Use the force-push, Luke

If an existing PR needs to be amended, make the change and then rewrite local history so that it’s clean. The new version of the branch can then be force-pushed to GitHub via git push -f, which is an operation GitHub understands and in many situations handles reasonably gracefully. I have previously blogged about why this way is better, but one way of quickly summarising it is: don’t wash your dirty linen in public any more than you have to.

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Cloud rearrangement for fun and profit

By , May 17, 2015 4:42 am

In a populated compute cloud, there are several scenarios in which it’s beneficial to be able to rearrange VM guest instances into a different placement across the hypervisor hosts via migration (live or otherwise). These use cases typically fall into three categories:

  1. Rebalancing – spread the VMs evenly across as many physical VM host machines as possible (conceptually similar to vSphere DRS). Example use cases:
  2. Consolidation – condense VMs onto fewer physical VM host machines (conceptually similar to vSphere DPM). Typically involves some degree of defragmentation. Example use cases:
  3. Evacuation – free up physical servers:

Whilst one-shot manual or semi-automatic rearrangement can bring immediate benefits, the biggest wins often come when continual rearrangement is automated. The approaches can also be combined, e.g. first evacuate and/or consolidate, then rebalance on the remaining physical servers.

Other custom rearrangements may be required according to other IT- or business-driven policies, e.g. only rearrange VM instances relating to a specific workload, in order to increase locality of reference, reduce latency, respect availability zones, or facilitate other out-of-band workflows or policies (such as data privacy or other legalities).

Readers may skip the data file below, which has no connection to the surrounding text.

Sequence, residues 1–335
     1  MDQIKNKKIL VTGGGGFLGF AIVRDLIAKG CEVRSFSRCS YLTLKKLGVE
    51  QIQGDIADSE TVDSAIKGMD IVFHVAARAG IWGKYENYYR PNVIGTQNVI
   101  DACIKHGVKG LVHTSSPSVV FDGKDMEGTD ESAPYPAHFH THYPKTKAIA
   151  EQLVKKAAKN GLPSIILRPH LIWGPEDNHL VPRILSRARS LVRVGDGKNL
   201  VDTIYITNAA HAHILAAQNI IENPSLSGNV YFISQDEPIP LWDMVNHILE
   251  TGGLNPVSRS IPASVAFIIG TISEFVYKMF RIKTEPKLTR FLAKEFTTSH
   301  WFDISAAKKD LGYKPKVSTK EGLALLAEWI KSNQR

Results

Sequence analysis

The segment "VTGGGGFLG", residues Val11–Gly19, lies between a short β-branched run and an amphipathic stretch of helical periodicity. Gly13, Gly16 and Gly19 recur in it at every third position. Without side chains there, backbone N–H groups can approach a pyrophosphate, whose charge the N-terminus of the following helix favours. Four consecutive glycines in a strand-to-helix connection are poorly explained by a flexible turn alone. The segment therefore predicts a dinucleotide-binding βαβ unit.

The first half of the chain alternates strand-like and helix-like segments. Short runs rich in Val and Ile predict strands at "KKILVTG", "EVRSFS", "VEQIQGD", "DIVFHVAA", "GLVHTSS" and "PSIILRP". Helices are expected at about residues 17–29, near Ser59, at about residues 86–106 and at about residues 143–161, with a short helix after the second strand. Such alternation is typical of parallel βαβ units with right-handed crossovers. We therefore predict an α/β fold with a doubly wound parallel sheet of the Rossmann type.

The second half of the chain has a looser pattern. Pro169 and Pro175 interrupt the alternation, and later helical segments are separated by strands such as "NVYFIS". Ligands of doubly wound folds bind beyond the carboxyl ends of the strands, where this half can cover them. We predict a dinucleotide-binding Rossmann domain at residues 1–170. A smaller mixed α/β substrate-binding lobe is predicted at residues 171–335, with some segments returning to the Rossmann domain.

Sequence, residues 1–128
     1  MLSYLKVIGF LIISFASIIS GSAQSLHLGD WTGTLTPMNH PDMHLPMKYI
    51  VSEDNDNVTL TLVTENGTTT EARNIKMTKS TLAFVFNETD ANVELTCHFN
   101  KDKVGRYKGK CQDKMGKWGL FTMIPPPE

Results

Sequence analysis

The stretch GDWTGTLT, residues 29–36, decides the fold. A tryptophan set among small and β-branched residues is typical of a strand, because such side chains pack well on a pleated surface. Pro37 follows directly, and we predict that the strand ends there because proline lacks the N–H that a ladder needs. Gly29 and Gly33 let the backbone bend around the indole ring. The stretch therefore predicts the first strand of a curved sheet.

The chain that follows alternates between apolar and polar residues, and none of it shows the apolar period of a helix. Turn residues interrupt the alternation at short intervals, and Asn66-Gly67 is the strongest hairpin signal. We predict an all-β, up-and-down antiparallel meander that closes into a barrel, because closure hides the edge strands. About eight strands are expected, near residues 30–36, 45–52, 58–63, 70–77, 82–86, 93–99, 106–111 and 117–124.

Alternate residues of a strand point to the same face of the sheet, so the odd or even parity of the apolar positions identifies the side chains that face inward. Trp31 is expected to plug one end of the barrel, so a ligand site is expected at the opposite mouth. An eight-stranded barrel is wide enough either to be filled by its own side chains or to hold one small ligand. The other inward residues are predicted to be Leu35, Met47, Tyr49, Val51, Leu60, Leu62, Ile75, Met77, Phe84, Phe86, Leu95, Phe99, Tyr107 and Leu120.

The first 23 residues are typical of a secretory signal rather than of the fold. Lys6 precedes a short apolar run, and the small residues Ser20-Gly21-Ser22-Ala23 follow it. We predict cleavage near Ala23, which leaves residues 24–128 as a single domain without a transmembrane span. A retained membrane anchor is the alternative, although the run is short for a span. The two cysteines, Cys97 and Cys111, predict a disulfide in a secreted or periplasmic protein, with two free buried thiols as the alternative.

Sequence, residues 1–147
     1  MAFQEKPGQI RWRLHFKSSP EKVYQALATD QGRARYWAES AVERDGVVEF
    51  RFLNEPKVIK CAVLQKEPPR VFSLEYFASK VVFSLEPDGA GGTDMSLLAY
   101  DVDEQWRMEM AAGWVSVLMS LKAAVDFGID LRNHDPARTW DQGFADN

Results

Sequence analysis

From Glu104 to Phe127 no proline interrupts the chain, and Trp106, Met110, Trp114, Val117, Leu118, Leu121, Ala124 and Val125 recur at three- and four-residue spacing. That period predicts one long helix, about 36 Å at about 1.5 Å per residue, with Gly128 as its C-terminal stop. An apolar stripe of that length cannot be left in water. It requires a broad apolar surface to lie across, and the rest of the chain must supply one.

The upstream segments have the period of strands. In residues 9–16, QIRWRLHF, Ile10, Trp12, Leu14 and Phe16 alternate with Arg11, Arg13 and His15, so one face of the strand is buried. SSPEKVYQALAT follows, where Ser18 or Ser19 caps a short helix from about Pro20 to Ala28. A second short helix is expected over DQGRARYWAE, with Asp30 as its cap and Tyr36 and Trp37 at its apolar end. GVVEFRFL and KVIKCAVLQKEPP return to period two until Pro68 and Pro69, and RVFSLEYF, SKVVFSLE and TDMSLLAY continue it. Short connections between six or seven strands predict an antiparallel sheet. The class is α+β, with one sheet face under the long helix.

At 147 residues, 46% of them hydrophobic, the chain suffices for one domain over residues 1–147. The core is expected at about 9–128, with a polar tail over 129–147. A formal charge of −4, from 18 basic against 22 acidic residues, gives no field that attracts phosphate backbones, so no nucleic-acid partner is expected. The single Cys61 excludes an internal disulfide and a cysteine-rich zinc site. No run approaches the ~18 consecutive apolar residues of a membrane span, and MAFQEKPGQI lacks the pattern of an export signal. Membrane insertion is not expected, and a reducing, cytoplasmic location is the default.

In the rest of this post I will expand this topic in the context of OpenStack, talk about the computer science behind it, propose a possible way forward, and offer a working prototype in Python.

If you’re in Vancouver for the OpenStack summit which starts this Monday and you find this post interesting, ping me for a face-to-face chat!

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Why and how to correctly amend GitHub pull requests

By , March 24, 2015 3:00 pm

Like many F/OSS developers, I’m a heavy user of GitHub, collaborating on many projects which use the typical “fork & pull” workflow based on pull requests. The GitHub documentation on pull requests covers this workflow fairly comprehensively, but there seems to be one area which is significantly lacking in detail: why and how to amend existing pull requests. The article simply says:

After your pull request is sent, any new commits pushed to your branch will automatically be added to the pull request. This is especially useful if you need to make more changes.

The problem is that this completely ignores the fact that there are often very good reasons for amending existing commits within the pull request, not just for adding new commits it.

Why amend an existing pull request?

A peer review cycle can potentially reveal many issues which make the pull request unready for merging, e.g.

  • typos
  • bugs in the proposed code changes
  • missing features in the proposed code changes
  • incomplete test coverage
  • incomplete documentation changes
  • style inconsistencies (including whitespace issues)
  • incorrect or incomplete commit messages
  • the commits violate the rule of one logical change per commit
  • some changes are outside the scope of the pull request

This is of course what makes peer review of pull requests so valuable: the problems can be addressed even before they hit the master branch, which helps maintain high quality in the development trunk. But then how do we address the issues?